“So very quickly, the ports were totally full and there we ended up waiting two weeks trying to get a berth.

“The worse place for us is Bangladesh where the ports are also swimming in containers which are still coming in and it is impossible to get a berth,” Mr Wickmann said.

Still intra-Asia speaks volumes. One in four containers that moves around the world is carried in the intra-Asia trade, which has more than 70 shipping lines and 10,000 port pair. One estimate holds that the intra-Asia trade as a throughput of 40 million TEU a year.

Intra-Asia is expected to grow just three to four per cent a year. What is less evident is that growth is uneven.

“All the growth is coming from China. There is no growth from any of the other countries in the intra-Asia market,” he said. “Taiwan and Japan have dropped by double digits on the intra-Asia trade, but China is such a dominant market that when China grows, the whole trade grows.”

Despite the weak growth, intra-Asia trade is still generally healthier than the major east-west trades, but that has spurred regional container lines to add services. It has also prompted major container lines to shore up their weaker volume in the major trades via intra-Asia services.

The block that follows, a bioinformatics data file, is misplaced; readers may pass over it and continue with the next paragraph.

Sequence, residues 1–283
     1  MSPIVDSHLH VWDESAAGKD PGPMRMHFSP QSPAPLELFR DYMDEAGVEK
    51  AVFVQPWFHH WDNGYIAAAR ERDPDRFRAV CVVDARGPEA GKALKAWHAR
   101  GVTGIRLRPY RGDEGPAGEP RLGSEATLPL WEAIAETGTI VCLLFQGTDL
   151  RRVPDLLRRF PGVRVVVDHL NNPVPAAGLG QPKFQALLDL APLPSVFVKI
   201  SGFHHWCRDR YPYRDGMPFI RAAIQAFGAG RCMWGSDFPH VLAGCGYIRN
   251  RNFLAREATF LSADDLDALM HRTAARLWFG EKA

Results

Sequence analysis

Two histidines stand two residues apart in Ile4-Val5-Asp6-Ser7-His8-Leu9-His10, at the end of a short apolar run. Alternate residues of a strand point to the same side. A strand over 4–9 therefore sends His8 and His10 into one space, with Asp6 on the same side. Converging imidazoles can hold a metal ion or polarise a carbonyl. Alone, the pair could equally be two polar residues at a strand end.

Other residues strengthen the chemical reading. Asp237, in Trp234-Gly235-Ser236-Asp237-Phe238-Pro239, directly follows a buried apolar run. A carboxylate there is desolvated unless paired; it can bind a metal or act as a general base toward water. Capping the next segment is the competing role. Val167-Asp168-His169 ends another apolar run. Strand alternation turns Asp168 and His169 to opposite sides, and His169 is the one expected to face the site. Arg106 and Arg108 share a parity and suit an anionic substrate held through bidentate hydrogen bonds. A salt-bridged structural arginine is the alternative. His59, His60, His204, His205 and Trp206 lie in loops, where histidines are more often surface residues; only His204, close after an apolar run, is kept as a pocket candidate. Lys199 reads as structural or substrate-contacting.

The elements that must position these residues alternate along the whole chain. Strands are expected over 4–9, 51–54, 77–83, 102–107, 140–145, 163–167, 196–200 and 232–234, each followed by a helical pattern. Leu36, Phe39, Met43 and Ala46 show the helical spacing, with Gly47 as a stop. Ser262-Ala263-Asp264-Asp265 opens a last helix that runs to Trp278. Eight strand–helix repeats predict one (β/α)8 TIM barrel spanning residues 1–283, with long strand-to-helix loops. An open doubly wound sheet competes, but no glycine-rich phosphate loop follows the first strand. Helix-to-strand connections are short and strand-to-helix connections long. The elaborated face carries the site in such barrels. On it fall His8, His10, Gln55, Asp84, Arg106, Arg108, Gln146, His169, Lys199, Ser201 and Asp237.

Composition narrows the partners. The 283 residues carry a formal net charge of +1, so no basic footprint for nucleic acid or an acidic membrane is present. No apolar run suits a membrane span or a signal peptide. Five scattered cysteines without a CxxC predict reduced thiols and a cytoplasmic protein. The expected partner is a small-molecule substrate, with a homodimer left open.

Hyundai Merchant Marine, which is bidding for the intra-Asia network of collapsed South Korean counterpart Hanjin Shipping, has said it will focus on the trade as it tries to return to profitability, and Thailand’s Regional Container Lines believes growth in Association of Southeast Asian Nations member states will start to bring supply and demand in the region into balance.

Hong Kong-based Orient Overseas Container Line has expanded its existing CHL service between China and Ho Chi Minh in Vietnam and Thailand gateway Laem Chabang, giving wider port coverage. Shanghai-based China United Lines recently began a new weekly service connecting Korea and China to Southeast Asia, and MCC Transport has improved Southeast Asia access to Cambodia while expanding Cambodia’s reach into North Asia.

Robert Sallons, managing director of CMA CGM’s intra-Asia specialist Cheng Lie Navigation Line, said intra-Asia consisted of hundreds of corridors where one or two carriers might have a big market share on some trades, and on other corridors many lines may only have a small market share.

But an area that has long been a concern in the regional Asian trade is infrastructure. Although trade is growing and the smaller ports are expanding berths and adding equipment, the infrastructure behind the ports is unable to handle the rising container volumes.